Tomorrow’s Endeavour launch signals the end of the space shuttle program, but it may usher in a new era in satellite technology. Three tiny orbiters roughly the size of saltines will be released by the shuttle, Space.com reports. They are rudimentary prototypes, but how they react in space and transmit information will be key in further developing this new mode of orbital technology. Suck on that, Soviets, we won the (tiny) space race!
The mini-satellites were built by Cornell students (cough, safety school, cough) and are made to deliver one short solar-powered signal, or “beep.” The present need for these little guys is more about charting the miniaturization of space travel, rather than saving a buck. Aerospace engineer Mason Peck elaborates:
“It’s not about reducing cost, although that may be a nice benefit. Instead, we are re-conceiving spacecraft architectures and exploration missions for this tiny scale. The way tiny spacecraft work is radically different from how larger ones work, and it’s even qualitatively different from how CubeSats or smartphone-size satellites work.”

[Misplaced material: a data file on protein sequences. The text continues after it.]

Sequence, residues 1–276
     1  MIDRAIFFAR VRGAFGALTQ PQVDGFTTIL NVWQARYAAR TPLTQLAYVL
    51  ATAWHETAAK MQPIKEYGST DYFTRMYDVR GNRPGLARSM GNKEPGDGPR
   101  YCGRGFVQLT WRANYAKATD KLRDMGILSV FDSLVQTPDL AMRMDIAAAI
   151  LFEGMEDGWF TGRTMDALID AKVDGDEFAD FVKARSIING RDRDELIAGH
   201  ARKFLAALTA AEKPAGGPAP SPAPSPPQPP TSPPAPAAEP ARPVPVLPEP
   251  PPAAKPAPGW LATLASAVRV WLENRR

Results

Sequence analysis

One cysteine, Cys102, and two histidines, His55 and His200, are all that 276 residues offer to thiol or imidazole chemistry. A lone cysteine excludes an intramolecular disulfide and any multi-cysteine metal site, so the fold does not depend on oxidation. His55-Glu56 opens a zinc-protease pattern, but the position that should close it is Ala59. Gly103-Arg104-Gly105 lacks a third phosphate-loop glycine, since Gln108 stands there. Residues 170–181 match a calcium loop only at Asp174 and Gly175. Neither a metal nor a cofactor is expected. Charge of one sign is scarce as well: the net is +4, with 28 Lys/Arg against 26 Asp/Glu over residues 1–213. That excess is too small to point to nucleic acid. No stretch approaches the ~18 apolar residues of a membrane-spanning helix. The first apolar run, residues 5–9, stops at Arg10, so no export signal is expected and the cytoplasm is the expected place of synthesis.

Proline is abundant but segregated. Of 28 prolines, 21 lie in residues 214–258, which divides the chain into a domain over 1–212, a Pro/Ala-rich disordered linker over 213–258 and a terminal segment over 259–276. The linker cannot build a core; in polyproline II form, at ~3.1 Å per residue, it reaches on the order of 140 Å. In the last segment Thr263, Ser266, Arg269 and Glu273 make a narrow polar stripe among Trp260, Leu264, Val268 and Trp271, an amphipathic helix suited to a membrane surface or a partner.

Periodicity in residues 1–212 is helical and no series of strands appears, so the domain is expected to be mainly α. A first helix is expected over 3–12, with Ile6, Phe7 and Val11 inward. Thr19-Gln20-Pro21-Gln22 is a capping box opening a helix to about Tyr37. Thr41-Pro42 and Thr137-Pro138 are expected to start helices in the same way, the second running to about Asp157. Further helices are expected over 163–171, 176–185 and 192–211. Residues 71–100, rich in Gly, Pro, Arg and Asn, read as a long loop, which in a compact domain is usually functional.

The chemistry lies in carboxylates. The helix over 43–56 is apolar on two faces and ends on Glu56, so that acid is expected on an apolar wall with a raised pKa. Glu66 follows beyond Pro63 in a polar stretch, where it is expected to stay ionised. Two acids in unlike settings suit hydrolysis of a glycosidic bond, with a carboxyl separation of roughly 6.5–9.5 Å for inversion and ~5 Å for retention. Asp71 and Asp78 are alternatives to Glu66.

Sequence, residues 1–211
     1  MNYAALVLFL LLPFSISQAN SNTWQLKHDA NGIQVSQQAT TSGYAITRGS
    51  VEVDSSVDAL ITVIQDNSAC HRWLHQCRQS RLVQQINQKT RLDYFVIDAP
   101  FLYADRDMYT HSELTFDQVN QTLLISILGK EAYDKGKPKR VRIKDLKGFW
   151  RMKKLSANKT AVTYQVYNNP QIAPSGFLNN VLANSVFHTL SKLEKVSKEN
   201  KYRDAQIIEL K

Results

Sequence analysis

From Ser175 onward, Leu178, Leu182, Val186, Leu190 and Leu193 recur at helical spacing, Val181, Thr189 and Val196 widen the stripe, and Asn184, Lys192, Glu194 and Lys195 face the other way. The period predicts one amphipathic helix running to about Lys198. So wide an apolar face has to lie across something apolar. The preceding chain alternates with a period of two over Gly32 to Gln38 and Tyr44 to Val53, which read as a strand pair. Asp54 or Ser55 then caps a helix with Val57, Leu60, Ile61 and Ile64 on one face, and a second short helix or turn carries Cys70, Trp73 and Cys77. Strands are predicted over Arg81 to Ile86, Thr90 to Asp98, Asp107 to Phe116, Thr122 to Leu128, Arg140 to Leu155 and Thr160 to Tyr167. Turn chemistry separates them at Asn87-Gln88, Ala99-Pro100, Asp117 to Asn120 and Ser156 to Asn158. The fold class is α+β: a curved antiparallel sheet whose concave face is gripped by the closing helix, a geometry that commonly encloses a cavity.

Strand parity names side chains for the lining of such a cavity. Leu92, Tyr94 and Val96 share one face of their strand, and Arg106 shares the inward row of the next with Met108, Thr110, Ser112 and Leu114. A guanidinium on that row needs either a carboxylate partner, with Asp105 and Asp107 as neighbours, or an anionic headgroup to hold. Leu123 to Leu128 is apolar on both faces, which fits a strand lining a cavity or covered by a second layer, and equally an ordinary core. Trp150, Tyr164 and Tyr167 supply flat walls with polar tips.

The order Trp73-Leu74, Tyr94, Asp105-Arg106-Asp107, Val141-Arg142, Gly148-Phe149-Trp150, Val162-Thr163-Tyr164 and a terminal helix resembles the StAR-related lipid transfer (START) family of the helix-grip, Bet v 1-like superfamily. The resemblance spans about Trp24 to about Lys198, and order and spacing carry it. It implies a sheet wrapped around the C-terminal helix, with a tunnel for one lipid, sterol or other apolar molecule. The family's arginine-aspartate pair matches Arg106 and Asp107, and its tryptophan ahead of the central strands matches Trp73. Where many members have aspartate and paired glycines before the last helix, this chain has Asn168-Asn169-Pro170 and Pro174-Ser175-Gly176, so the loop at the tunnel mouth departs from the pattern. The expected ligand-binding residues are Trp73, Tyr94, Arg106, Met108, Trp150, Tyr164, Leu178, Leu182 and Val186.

If you’re worried about space junk (and you should be), these tiny satellites operate at a slower speed and lower orbit, meaning they should be safe. Although, we’re sure China will figure out a way to mess it all up.
All that’s needed is a catchy name. “Sate-lights?” “Satellite Jr.?” Peck throws his hat in the ring, “Instead of a spaceship, think of a ‘space-chip.'”
Meh, we’ll stick to “Satellite Jr.”
This article from the Village Voice Archive was posted on April 28, 2011